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The former prime minister hit out as campaigners said UK taxpayers should stump up £1trillion to help out. But his intervention puts him on a collision course with leader Rishi Sunak.
Downing Street has backed an agreement to discuss payments for countries affected by climate-related disasters.
The revelations came at the COP27 summit in Sharm el-Sheikh, Egypt, where both Tory rivals are present.
Mr Johnson said that net zero carbon emissions would have to be achieved through investment from the private sector in partnership with the international community, rather than through taxpayers in western countries.
He said: “Two hundred years ago, we started it all and there’s no question that, per capita, people in the UK have put out an awful lot of carbon into the atmosphere.”
“But what we cannot do is, you know, make up for that with some kind of reparations. We simply do not have the financial resources — and no country could.”
“The best way to fix this is not to look backwards and try to tot up some bill for loss and damage that the UK or other countries have done, but try to look at what the UK can do to help to take countries forward and help them achieve the carbon reductions and green technologies they need.”
Former Environment Secretary George Eustice also said Britain should not pay any reparations.
He said: “No, I don’t think it’s a helpful way to look at it. You know, we have a challenge now and it’s a global challenge today.”
“But I personally think it’s very unhelpful to delve back into history and start a sort of blame game.”
“It’s the wrong way to look at it. But there is an obligation on the wealthier countries of the world to come up with that climate change finance. The UK has led the way on that.”
Mr Sunak made no mention of reparations during a speech at the summit yesterday.
But Downing Street insisted the UK was already helping countries.
The Prime Minister’s official spokesman said: “We are helping countries across the world deal with the impacts of climate change.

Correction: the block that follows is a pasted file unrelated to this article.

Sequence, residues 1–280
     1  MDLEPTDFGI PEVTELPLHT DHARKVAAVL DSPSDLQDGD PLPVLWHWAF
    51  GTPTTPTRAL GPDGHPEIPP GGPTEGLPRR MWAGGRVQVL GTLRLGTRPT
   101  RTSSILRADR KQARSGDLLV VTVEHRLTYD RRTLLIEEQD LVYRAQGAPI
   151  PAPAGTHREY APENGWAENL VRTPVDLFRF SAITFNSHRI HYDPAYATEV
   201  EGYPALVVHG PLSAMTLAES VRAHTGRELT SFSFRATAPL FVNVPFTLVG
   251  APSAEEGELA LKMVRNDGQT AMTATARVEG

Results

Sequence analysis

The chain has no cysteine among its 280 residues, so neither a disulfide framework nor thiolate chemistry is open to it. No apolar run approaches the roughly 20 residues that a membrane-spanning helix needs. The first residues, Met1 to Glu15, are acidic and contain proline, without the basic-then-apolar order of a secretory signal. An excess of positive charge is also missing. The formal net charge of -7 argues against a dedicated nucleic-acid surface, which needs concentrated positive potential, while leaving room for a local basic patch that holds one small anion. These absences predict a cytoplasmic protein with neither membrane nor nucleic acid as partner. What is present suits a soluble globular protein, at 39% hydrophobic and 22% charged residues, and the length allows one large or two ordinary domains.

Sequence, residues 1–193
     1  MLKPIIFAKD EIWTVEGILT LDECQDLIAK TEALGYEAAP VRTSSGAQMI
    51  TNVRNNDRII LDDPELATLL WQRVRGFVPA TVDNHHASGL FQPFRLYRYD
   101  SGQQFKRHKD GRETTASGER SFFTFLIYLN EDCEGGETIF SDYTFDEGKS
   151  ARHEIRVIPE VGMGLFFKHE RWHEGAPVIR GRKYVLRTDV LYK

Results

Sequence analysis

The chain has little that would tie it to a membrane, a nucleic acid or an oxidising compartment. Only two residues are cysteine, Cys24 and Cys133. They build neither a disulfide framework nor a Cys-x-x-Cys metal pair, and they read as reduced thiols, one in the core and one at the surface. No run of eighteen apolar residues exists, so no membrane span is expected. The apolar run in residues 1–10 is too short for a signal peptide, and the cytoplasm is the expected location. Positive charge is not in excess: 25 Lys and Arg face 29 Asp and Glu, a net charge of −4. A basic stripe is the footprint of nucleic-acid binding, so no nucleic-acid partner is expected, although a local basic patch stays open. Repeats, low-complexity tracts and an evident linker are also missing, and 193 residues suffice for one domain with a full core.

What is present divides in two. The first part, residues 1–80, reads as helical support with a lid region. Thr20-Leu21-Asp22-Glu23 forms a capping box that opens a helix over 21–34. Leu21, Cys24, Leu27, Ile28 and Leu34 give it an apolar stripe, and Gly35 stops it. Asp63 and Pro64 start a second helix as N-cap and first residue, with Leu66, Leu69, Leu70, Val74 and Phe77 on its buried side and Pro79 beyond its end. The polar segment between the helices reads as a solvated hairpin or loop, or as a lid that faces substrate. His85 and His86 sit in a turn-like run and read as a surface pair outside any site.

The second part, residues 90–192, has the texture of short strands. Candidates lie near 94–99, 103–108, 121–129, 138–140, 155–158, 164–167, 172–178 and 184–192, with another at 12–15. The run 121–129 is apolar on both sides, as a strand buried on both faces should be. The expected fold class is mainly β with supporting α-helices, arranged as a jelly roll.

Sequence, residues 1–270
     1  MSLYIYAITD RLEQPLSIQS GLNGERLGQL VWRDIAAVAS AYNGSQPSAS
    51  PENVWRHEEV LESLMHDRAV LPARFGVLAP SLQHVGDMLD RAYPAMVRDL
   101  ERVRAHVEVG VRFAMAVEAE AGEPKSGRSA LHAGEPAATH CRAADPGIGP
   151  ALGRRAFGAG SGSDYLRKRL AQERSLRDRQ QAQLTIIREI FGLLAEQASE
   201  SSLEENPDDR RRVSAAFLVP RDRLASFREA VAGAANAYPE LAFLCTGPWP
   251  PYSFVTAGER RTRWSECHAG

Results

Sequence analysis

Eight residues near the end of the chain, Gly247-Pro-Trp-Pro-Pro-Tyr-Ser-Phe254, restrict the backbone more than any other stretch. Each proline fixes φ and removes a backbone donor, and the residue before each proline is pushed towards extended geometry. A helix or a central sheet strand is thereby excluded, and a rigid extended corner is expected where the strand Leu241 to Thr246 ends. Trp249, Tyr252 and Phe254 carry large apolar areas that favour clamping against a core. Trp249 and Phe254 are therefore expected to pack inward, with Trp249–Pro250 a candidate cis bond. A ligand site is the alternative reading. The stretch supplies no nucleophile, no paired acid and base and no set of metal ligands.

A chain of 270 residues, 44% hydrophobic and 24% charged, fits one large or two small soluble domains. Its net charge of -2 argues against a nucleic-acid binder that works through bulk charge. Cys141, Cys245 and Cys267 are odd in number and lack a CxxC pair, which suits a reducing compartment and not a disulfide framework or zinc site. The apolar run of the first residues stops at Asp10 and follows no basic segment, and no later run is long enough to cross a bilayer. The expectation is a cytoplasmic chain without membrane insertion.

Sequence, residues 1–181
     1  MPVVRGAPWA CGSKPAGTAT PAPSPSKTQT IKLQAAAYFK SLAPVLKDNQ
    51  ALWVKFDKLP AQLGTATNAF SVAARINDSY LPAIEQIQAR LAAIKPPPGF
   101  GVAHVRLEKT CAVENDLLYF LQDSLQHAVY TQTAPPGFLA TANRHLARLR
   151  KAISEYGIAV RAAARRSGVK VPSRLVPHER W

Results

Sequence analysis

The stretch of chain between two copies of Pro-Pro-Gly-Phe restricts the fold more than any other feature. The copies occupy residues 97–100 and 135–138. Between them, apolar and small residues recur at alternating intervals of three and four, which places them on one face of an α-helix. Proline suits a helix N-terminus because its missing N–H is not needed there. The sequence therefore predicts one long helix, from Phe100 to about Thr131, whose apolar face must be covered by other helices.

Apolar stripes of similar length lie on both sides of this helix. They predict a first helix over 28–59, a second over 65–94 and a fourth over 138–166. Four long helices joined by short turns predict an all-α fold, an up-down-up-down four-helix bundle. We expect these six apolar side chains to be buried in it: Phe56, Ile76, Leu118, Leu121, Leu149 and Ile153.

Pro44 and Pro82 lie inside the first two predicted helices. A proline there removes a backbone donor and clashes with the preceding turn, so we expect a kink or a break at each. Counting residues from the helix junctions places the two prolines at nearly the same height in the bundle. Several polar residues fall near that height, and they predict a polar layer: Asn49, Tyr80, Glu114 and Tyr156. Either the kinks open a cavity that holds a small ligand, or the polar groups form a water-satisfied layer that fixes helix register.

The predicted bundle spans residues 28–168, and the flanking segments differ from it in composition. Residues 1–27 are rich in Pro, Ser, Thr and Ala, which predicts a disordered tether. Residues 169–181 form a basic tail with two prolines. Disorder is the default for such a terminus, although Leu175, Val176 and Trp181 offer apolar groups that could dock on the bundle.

“We recognise the existential threat it poses to countries around the world, from flooding to drought, and that’s why we have made a commitment to these countries to support them on that front.”
The UK is tripling funding for climate adaptation from £500million to £1.5billion in 2025, the spokesman said.
Mr Sunak also confirmed £65million for the Nature, People and Climate Investment Fund, which supports forest communities.
The PM said in his national statement at the COP27 summit that he believes the world can deliver on its climate promises.
He told the conference hall: “When Her late Majesty Queen Elizabeth II addressed COP26 last year, she reflected how history has shown that when nations come together in common cause, there is always room for hope. I believe we found room for hope in Glasgow.”
“With one last chance to create a plan that would limit global temperature rises to 1.5 degrees, we made the promises to keep that goal within reach. And the question today is this: Can we summon the collective will to deliver? I believe we can.”
Earlier, Business Secretary Grant Shapps said Britain was “supportive of discussions” about reparations for climate change.
He said: “We’re accepting the principle there’s a discussion to be had about this at COP27. “
“We industrialised first and we appreciate the rest of the world needs to be able to bring themselves along as well.”
Discussions about “loss and damage” compensation payments to countries suffering the impacts of climate change are on the summit’s agenda for the first time.
The charity War on Want said a £1trillion sum for reparations reflects the damage done to the planet by the UK burning fossil fuels to power our economy.
The group said that as the UK’s share of the total amount of greenhouse gas produced by burning
fossil fuel is around 3.5 percent, £1trillion would reflect the cost of removing that carbon.
Asad Rehman, of War on Want, said: “The UK was able to industrialise and take resources from the rest of the world and power its economy by burning fossil fuels.”
“This is morally the right thing to do. The UK should step up and accept the responsibility.”
Britain, as the first country to industrialise, has historically been the fifth biggest emitter, Mr Rehman claimed.
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